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The thermometer is going to push 90 degrees here, in what feels like perpetually sunny California of late. Another drought plagued season in this beautiful state will not bode well for what our firefighters will face as the inevitable summer heat presses down on us. Sigh. Already we had the first power outage of the season in our area Sunday. Predictably, the power went off right around dinner time. Not late enough in the day to have dinner prepared and on the table, but rather right in the middle of cooking time for my pork loin in the oven, and pot of corn on the cob happily boiling on the stove top. Fortunately, it came back on before we either had to order in, or label our dinner an early breakfast. Typical. If not in the middle of the meal, the power is guaranteed to go off immediately after I’ve purchased a large amount of groceries and meat at Costco. It’s like a signal goes off from the cash register directly to the power grid reading “Susie will be storing $300 worth of perishables in her refrigerator. Initiate two day shutdown protocol”. I have a generator my son gave me to use when when an outage occurs. They seem to be coming more and more often which each passing year. Summer before last, I threw out an entire refrigerator full of food three times. At least that is not a worry I will have going into this summer, hopefully. I have never used a generator before. From what I understand, you have to be careful how you use them, because if they are too close to the house or are used in an poorly ventilated area, they can prove lethal. This, I have to say, makes me a bit less enthusiastic about a trial run with the damnable thing. Being one of those people who can get her finger stuck in a manual can opener, anything with the word lethal in the precautionary hazards, is a bit worrisome to me. I am working hard on holding my grateful place so rather than complain, I will look for a positive spin to this. Let’s see, I am thankful I am blessed to have a new generator with which to off myself with. I’ll leave it at that. Good old PG&E.

It’s been a rough couple of weeks at my house for some unknown reason. Though not in a bad mood, I also haven’t been my usual sunny self. Could be spring fever, or cabin fever, or simply part of emerging like a pupa from a cocoon after a long period of hibernation, I don’t know. Seems a lot of friends and close acquaintances I’ve talked to lately are going through some transitional pains while beginning merge back into public gatherings again as well. I went out to lunch with a friend of mine on Friday. Both of us noted, sitting inside at a table felt both familiar and strange at the same time. Certainly it looked different. Notably, while we waited for our order to arrive, there was nothing on top of our table but our elbows. No napkins, utensils or condiments, as I would have expected to see pre-pandemic. When my friend asked for salt and pepper, a pile of small packets on a plate were delivered to the table. I’m so glad we didn’t own our restaurant during something like this. Restaurant ownership on the best of days is a stressful existence, but trying to work with these kind of restrictions must be like trying to do up the laces on your running shoes with your hands tied behind your back.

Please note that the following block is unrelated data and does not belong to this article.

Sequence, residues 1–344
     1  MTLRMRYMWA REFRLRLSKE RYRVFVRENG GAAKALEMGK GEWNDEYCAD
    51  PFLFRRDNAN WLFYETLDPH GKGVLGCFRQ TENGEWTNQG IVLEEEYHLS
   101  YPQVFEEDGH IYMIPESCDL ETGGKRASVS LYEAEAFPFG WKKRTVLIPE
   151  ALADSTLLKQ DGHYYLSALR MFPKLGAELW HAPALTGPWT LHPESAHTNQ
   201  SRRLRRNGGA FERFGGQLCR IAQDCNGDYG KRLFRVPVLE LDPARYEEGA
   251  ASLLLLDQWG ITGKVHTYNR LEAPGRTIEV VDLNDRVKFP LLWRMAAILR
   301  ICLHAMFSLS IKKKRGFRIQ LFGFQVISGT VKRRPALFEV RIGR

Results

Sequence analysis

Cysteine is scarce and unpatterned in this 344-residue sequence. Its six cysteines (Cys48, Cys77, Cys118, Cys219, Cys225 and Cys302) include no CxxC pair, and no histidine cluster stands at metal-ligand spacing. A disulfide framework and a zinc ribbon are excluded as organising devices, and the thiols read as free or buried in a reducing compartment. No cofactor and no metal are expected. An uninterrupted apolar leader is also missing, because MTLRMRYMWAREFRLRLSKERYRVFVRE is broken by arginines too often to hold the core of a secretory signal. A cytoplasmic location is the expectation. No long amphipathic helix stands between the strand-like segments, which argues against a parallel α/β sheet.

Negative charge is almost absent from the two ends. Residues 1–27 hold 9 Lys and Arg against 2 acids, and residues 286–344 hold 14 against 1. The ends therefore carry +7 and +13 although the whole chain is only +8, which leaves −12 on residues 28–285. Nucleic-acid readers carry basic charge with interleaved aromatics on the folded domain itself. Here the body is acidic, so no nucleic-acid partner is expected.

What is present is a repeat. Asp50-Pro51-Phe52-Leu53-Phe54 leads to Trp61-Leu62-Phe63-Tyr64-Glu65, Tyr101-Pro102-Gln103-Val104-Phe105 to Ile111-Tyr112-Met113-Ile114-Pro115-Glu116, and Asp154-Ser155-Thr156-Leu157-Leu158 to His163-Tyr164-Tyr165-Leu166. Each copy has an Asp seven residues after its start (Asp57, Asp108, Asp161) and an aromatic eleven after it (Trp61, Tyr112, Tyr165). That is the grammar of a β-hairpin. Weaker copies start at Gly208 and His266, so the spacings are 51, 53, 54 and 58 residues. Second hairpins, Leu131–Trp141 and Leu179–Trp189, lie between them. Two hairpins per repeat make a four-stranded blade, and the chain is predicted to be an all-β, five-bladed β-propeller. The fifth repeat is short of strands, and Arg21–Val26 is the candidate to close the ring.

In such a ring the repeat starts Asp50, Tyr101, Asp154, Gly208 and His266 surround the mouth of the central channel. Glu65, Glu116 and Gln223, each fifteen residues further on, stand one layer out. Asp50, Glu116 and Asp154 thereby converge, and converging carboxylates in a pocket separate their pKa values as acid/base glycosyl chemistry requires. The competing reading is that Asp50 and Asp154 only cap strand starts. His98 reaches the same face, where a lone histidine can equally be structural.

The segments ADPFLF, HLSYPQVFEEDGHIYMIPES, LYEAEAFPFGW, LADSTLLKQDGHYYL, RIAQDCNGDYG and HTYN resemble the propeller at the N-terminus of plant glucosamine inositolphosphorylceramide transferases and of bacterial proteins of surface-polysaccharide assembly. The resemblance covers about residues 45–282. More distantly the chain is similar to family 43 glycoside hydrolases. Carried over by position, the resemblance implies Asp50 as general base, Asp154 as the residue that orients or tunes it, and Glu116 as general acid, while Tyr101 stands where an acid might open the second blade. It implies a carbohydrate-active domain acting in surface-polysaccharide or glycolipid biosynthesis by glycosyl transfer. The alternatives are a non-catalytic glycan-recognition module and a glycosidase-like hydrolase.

People ask me often if I would want to own a restaurant again. That, I have to say, is an answer requiring little deliberation on my part. NO!!!! Sorry. Was that too loud? Now, my response would be much different was I asked, “are you glad you owned a restaurant”? That answer would be a resounding, “yes”. It was an experience like no other in my life. I am both thankful to have been a part of it, and even more thankful to have come out the other end. Rick was the one carrying all the restaurant experience both going in, and going out. What knowledge I had about restaurants was limited to where to go to get the best Cobb salad, or where not to go for bad Chinese. However, by osmosis, I soaked up information along the way and managed to learn some of the ins and outs of the business for the two years we were open. Who knew? Not I certainly. I didn’t even have the usual street creds young people have on their resumes like “Waitress” or “Server”. Other than a brief, and might I add highly unsuccessful, Memorial Day weekend cocktail waitress debacle on Martha’s Vineyard in my early twenties, I was totally a restaurant virgin.

You know, rethinking my answer about ever owning a restaurant again, I have to say I have day dreamed about a little place that just served breakfast and lunch somewhere by the sea. Even perhaps a lunch truck of some description. I’ve also thought I’d like to work or run a bed and breakfast by the coast one day, but these thoughts are definitely can be found under the “dream on” column of my to do list unless I either hit the jackpot or marry well in the future.

Lately, the ocean has really dominated my thoughts. How I miss it. Sometimes it is an actually longing, like missing someone you love. For me, growing up smack up against water on all sides, it became a part of me, and, I, in turn, became a part of it. The Atlantic, where I grew up, is a far different beast than the peaceful Pacific here on the west coast. That is why people flock here, I would suppose, to enjoy the endless coastline decorated with long stretches of white sandy beaches, warm waters, and gorgeous sun soaked vistas. If one can afford it, of course. In my case, one can’t. Both oceans, to my eyes, have their own style of beauty and mystery.